Tuesday, March 07, 2006

Living Out Lao

Once the Kingpins of Indochine, Les French, coined this phrase: "The Vietnamese plant the rice, the Cambodians watch it grow and the Lao listen to it grow."

Reading that in the Lonely Planet as we flew from Seam Reap, Cambodia to Vientiane, Laos (pronounced "vee-ehn-chee-ahn, louw"...that's right, "louw" -- rhymes with "wow"), we laughed out loud. Andy and I couldn't quite imagine any place in Asia could be so mellow.

We were wrong~> read more

 

Laos is unexpected -- quiet and serene, low-stress and beautiful. Traveling in Laos' Mekong river-green and gold-temple midst, you'd never know it's sandwiched between the chaotic, industrious cultures of China, Burma, Vietnam, Thailand and Cambodia. The friendly people, who utter "sah-bah-dee" (hello) with genuine smiles, rarely follow it with a sales pitch and go about their daily lives with such gentle equanimity, lilting purpose and lack of loud voices we've wondered if we didn't end up on a parallel continent.

Buddhism is the tour-de-force that governs the national psyche and its doctrine empahsizes a cooling of human emotions which seems evident in the way people act, interact, barter, drive and go about their day. Verrrry mellow, very placid, purposeful but not passionate -- kind smiles and polite interactions that get the job done, but never tread on your sensibilities or stress level. Plus, there are monks of all ages -- from cherubic boys to grizzled grandpas, all with freshly bald heads -- on every street in their orange-peel robes walking to temple for meditation, and with that much karma on the streets, you just have to be on your best behavior. Nirvana is the name of the game for the Buddhists, and traveling here...save for the roads...is pretty damn close.

We started off in the afore-pronounced capital of Vientiane, where a colonial past collided with communism and now flirts outrageously with capitalism.

From 1893 - 1953, the French worked their imperial magic of baguettes, balconies and boulevards...along with the delicious extras of coffee roasting, ice cubes and plumbing. After the debacle of the Indochina Wars in the 1960's and 1970's, Laos was ruled by a Communist government funded by the USSR and trained in Vietnam...in everything but architecture. During this time, concrete block compounds with nary a curve or decorative detail flourished, if you can even say that, and when walking the city you see cement monstrosities with the old emblem of the hammer and sickle butting up to decaying colonial homes with painted shutters and aromatic, white-washed cafes.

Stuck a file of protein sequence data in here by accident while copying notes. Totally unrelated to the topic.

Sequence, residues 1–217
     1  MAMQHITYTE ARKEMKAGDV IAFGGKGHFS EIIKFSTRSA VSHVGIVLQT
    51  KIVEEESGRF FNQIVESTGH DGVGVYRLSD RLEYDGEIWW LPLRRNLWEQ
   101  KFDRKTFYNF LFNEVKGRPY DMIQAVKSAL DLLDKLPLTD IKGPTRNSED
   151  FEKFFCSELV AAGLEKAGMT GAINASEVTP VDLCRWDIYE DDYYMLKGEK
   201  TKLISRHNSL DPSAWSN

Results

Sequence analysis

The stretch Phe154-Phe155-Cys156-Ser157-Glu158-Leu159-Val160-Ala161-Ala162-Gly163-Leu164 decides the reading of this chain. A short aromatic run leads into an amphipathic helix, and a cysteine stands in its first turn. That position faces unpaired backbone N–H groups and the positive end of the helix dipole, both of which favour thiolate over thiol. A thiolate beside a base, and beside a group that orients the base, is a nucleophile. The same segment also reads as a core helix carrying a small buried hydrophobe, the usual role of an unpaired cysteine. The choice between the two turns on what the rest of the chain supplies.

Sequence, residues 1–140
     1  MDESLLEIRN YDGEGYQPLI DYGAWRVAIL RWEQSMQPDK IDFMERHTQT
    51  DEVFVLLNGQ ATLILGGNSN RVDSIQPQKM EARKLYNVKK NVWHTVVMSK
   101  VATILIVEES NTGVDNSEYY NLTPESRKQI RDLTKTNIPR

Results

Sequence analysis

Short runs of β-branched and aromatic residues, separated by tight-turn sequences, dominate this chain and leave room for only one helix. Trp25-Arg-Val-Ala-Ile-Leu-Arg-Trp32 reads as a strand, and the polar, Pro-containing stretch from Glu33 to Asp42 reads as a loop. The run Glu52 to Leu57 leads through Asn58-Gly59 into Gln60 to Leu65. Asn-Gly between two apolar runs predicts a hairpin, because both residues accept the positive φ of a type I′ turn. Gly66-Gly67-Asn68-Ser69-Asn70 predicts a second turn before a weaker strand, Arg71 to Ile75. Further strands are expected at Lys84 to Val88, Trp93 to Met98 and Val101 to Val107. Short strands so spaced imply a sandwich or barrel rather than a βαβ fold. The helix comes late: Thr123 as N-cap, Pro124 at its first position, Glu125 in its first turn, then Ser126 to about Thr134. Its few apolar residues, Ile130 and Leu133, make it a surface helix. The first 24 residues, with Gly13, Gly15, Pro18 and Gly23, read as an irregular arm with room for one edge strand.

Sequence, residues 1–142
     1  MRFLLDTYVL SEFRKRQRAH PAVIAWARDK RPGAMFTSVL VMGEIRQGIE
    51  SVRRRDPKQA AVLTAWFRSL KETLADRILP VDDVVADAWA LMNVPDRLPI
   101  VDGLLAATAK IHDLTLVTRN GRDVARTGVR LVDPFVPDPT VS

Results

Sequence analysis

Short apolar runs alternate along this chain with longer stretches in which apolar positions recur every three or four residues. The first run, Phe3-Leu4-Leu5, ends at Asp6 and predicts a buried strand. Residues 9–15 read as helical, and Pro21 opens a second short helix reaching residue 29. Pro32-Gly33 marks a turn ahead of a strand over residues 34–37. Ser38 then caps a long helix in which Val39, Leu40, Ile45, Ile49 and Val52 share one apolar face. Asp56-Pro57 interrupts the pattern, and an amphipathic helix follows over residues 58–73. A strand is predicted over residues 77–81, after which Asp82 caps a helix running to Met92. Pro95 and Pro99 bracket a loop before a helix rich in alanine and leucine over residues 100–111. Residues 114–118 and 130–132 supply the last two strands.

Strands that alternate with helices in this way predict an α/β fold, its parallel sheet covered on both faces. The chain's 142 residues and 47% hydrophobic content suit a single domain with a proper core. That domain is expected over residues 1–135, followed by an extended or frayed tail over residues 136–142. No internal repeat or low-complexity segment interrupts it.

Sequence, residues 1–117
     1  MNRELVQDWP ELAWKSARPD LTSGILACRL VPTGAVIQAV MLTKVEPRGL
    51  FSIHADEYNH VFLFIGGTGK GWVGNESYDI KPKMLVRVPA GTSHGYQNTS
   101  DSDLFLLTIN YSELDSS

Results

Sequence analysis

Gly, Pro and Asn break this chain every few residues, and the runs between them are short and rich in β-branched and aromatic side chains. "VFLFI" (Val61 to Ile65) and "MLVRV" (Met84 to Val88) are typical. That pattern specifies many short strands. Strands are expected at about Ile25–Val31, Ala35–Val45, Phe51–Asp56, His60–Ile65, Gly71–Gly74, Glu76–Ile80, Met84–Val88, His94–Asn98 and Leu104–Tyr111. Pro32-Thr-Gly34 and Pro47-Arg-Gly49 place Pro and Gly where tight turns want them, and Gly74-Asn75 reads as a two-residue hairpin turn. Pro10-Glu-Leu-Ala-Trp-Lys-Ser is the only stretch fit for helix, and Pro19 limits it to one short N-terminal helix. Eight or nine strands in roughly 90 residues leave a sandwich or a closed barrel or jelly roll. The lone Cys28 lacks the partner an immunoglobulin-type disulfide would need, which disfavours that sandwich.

I guess you could say the "rice curtain" fell over Laos during that time as it was isolated from Capitalist countries, especially the West, but never fell prey to a masochistic government like Cambodia. Instead, the Communists let the tribes of Laos, of which they're over 70, go about their daily lives of farming the rivers and jungles, grow their beloved rice, practice a government-regulated form of Buddhism and ease, ever-so-slowly, toward modernism without destroying the environment or naivetes in the process. What a concept!!!

And now, there are backpackers, NGO Land Rovers and eco-tourism agents cruising the streets trying to uncover and unleash Laos' potential. Laos gently, suspiciously opened its doors around 2000 to outside travelers and so far, so good. This potpourri of past and progress makes a landscape that's digested a bit like an item on a Lao menu: easy to swallow yet tough to say exactly what's involved. Every point of interest in Vientiane is within easy walking or biking, every activity is hassle-free and you quickly fall into synch with everyone greeting everyone with "sah-bah-dee". It's contagious! Yet, you're not sure why Laos is so laid-back and the traveling cynic in me wonders if this is indigenous or just pre-mass-tourism.

Whatever the case, just being in Laos for a few days we're immediately excited and re-energized from Cambodia. Perhaps learning to listen to the rice grow is the secret?!? I'm not sure, but in the sensory pleasure-puzzle that is Asia, Laos is a perfect fit for us.

3 Comments:

Blogger gknaddison said...

So, where is the accent on sah-bah-dee?

4:48 PM  
Anonymous Aunt Mary said...

Aunt Mary - It sounds so peaceful /serene / beautiful. Love,

8:26 PM  
Anonymous Anonymous said...

The accent is on the second syllable. The greeting is actually pronounced Sah-Bye-Dee, but usually spelled Sabaidee. "Sah" is pronounced quickly, whereas "Bye" has a longer length. In Vientiane, the "Dee" is pronounced in a rising tone kind of like when you're asking a question = "Dee?"...so put it all together and say "sah-BYEEE-deeee???"

11:35 PM  

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